likes (and doesn’t like) about the tech industry and the world at large
    in 2012.

    Bruce’s memorable prediction for the future… “Old people, living in dirty cities, afraid of the sky”.

  53. Followed by, believe it or not, another night on the town with @5forty. This band were excellent:
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  55. Day 7 (14/03/2012)
    : AUS > LHR

  56. This was a great event to attend. There’s far to much to do to even think about “getting the most out of it”. You just have to earmark the things you think you’re going to enjoy and not constantly fret over not being where you’re not. There are some really good sessions, but the informal meetings are just as interesting and the general atmosphere of dropping your reserve and striking up conversations really adds to the overall experience.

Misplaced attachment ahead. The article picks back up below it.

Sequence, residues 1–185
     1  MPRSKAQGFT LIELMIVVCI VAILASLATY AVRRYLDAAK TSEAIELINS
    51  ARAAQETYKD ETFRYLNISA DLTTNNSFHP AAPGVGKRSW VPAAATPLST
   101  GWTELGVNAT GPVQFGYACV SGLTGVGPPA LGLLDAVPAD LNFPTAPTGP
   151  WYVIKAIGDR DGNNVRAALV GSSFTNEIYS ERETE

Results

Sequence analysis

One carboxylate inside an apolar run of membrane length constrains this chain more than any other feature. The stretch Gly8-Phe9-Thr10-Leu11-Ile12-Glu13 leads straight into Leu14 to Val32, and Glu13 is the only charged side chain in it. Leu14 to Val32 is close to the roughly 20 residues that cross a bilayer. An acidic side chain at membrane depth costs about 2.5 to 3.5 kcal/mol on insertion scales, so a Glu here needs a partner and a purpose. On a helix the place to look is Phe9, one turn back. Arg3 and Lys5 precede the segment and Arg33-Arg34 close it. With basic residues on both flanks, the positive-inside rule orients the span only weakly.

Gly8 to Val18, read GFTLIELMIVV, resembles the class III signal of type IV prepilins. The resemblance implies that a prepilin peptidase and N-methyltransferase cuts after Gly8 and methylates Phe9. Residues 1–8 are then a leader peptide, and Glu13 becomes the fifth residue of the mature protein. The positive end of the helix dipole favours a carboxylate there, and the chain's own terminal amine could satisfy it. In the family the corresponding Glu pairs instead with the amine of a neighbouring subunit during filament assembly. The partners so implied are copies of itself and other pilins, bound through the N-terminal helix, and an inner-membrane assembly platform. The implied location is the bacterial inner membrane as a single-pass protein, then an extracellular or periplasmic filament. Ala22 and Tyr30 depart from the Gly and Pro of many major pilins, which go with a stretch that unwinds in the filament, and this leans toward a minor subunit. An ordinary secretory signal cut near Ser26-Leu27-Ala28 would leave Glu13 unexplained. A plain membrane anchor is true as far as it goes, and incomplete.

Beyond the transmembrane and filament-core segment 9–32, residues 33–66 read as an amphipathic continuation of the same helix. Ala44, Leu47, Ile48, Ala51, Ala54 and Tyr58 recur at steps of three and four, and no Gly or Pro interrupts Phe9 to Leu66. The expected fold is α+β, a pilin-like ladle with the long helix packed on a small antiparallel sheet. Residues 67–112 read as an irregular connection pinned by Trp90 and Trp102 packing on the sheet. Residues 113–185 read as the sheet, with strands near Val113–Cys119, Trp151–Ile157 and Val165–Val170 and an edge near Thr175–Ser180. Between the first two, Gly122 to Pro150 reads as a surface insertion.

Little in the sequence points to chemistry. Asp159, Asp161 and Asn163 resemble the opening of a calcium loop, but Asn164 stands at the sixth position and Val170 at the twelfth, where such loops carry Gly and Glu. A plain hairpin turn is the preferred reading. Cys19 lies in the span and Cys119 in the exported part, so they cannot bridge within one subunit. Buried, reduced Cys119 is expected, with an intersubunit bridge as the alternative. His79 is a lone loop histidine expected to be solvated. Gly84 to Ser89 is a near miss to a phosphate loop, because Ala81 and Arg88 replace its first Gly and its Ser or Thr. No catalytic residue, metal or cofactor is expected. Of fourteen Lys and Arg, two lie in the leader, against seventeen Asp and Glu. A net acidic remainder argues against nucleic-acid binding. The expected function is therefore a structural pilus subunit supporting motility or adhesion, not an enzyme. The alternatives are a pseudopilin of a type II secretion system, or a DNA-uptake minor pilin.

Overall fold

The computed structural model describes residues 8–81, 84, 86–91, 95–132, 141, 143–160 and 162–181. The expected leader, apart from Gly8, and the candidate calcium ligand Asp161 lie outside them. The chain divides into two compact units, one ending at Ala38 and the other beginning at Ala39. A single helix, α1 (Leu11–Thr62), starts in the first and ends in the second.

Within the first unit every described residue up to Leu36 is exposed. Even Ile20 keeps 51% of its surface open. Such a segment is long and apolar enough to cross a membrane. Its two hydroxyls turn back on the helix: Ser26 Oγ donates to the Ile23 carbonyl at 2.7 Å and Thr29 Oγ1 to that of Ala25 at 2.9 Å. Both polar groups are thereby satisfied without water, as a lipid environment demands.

The fact that what looks like half the online media world’s marketing budget is being burnt wining and dining attendees is, of course, not an unpleasant thing to be on the receiving end of, but after five days of free beer, meals, parties and mountains of branded plastic nic-nacs, I had another interesting conversation on the plane back to London. Sitting next to me was an epidermiologist on her way home from a conference at the disease control center in Atlanta. The people at that conference were discussing how we might survive (or not, as it turns out) the next large-scale epidemic. Freebies on offer at that event: Apparently they got an ice cream from Haagen Daz. Does kind of make you wonder if we’ve got our priorities right.